19The righteous see it, and are glad: and the innocent laugh them to scorn.
The righteous see it, and are glad,.... Not the counsel of the wicked, nor their outward prosperity, but their ruin and destruction, which is sure and certain; though it may sometimes seem to linger, it is often public and visible to the view of every man, being made public examples, see Psalm 91:8; and which is matter of joy and gladness to truly good and righteous men; who have the righteousness of Christ on them, his grace in them, and in consequence of that live soberly, righteously, and godly; these rejoice at the vengeance of God on wicked men, Psalm 52:5; not that the misery of their fellow creatures is pleasing to them as such; this would be brutish and inhuman, as well as contrary to the grace of God, and to their character as good men, and also would be displeasing to God, Proverbs 24:17; but partly because they themselves, through the grace and goodness of God, have been kept from such sins as bring to ruin and destruction; and partly because they are delivered out of the hands of these wicked men, who were distressing to them; and chiefly because of the glory of the divine perfections, particularly the holiness and justice of God displayed herein; for God is known and glorified by the judgments which he executeth, see Psalm 9:16;
and the innocent laugh them to scorn; such as are upright and sincere, live holy and harmless lives and conversations, though not entirely free from sin; these deride them for their impieties, and observe to them the justness of the divine judgments upon them. The Jewish writers, many of them (f), restrain these words to Noah and his sons, who saw with their eyes the flood that destroyed the world of the ungodly, and rejoiced at it, and in their turn had them in derision, who had made a mock at Noah's building of the ark, and at his exhortations to them; but though the characters of righteous and innocent agree with Noah, who was just and perfect in his generation, yet not with all his sons; and it is best to understand this of good men in general; though it must be observed and owned, that the destruction of the wicked by the flood is before spoken of, and their character described. The word "saying" is by some supplied at the close of this verse, and so the following words are what the righteous are represented as saying, upon sight of the destruction of the wicked.
(f) Aben Ezra, Ben Gersom, Sephorno, et alii.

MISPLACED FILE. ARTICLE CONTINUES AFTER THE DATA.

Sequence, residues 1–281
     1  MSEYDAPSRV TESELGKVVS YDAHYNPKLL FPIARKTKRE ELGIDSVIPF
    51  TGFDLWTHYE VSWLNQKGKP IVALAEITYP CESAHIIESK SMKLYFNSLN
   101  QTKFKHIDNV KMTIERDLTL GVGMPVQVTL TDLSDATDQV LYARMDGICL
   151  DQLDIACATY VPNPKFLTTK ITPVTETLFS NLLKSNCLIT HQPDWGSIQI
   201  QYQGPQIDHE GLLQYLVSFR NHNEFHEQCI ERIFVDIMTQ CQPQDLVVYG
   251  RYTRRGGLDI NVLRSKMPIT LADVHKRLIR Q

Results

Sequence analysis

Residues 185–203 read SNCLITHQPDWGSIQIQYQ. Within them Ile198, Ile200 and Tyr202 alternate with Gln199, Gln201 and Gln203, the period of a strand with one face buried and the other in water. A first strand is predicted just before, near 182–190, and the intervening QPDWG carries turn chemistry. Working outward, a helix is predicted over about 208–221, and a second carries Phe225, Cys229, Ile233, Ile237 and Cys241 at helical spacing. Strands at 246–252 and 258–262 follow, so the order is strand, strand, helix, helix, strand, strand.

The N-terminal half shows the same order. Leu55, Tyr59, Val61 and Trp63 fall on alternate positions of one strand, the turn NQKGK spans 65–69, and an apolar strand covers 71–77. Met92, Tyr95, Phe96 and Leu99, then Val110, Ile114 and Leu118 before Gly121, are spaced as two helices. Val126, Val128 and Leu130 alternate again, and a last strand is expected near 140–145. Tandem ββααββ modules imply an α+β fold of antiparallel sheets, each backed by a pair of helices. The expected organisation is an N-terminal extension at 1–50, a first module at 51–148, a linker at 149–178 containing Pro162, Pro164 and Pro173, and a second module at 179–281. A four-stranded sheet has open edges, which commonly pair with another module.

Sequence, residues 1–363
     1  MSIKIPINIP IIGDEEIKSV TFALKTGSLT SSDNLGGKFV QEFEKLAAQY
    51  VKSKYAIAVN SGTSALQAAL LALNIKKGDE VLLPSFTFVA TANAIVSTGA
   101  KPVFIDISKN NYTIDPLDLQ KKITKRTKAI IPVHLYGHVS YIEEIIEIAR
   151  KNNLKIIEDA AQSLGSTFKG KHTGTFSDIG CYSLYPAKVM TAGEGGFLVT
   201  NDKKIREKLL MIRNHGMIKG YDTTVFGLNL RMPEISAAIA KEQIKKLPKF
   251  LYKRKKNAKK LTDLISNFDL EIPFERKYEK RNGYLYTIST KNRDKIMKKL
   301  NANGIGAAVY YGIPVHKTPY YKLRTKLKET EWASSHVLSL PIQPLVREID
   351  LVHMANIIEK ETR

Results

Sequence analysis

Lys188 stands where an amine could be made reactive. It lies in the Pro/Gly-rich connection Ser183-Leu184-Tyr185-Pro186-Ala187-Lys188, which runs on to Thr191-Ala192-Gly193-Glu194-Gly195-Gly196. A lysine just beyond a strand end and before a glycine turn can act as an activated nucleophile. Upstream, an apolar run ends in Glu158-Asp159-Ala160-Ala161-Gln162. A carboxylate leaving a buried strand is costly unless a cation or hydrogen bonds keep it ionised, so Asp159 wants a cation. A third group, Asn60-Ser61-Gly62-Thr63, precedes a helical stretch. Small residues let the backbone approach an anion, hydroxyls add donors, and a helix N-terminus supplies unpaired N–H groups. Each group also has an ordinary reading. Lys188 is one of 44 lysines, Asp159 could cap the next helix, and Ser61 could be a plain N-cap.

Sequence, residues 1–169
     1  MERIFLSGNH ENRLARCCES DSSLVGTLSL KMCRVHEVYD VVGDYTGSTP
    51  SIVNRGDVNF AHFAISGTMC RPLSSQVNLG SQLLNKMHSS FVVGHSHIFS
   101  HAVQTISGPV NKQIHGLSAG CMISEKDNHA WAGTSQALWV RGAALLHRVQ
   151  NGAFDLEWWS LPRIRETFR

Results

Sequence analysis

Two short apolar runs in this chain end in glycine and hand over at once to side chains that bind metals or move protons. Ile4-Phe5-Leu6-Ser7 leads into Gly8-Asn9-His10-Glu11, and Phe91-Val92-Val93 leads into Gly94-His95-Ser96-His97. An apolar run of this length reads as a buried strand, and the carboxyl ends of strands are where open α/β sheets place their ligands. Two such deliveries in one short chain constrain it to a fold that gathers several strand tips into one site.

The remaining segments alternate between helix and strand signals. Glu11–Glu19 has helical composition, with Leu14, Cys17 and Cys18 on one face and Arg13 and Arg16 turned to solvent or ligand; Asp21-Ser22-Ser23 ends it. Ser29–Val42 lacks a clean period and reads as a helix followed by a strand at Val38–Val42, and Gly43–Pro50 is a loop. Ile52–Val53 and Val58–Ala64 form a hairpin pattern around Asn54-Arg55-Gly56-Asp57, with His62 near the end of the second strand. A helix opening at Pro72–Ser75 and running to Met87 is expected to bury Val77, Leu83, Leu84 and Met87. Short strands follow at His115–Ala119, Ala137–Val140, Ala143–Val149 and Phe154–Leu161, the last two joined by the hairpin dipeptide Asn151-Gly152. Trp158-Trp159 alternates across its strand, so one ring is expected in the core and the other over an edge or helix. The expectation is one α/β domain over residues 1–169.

20Whereas our substance is not cut down, but the remnant of them the fire consumeth.
Whereas our substance is not cut down,.... As yours is; Noah and his family were preserved in the ark, and the creatures with him, and sufficient sustenance was laid up for them all, when everything relating to the wicked was destroyed: but this may be thought too restrictive, as well as what follows too subtle, that this should respect the human species not being cut down and utterly destroyed in the flood, but preserved in and restored by Noah and his family; it may perhaps be thought better to interpret these words as the words of Eliphaz and his friends, joining with the righteous and the innocent, putting themselves in their number, and rejoicing with them at the destruction of the wicked, and as having a particular regard to Job's case, and the difference between him and them; his substance being cut down, and he stripped of all; whereas they were not deprived of theirs, but it continued with them, and they in the full possession of it; the reason of which difference was, he was a wicked man, and they righteous and innocent; but by others, who also take them to be the words of the righteous triumphing over the wicked, they are rendered thus; "is not he cut off that rose up against us?" (g) Our enemy and adversary, he is no more, he can do us no more hurt, and we are delivered out of his hand:
but the remnant of them the fire consumes; which Aben Ezra, Ben Gersom, and others, interpret of the destruction of Sodom and Gomorrah, and the other cities, by fire; which would have had some appearance of truth, if the destruction had been of the whole world, and as general as the flood was, or more so, and had cleared the world of the remnant of the ungodly, whereas it was only of a few cities: rather it may be Eliphaz glances at the case of Job, as different from him and his friends, that when their substance was untouched, the remnant of Job's was consumed by fire; what were left by the Chaldeans and Sabeans were destroyed by fire from heaven; though if it could be thought that Eliphaz had knowledge of the general conflagration at the last day, and had that in view, it would afford a better sense; but it may be he does not mean material, but metaphorical fire, the fire of divine wrath, which will consume the wicked, root and branch, and leave them nothing.
(g) "annon exscinditur qui insurgit contra nos", Schmidt, Michaelis.
21Acquaint now thyself with him, and be at peace: thereby good shall come unto thee.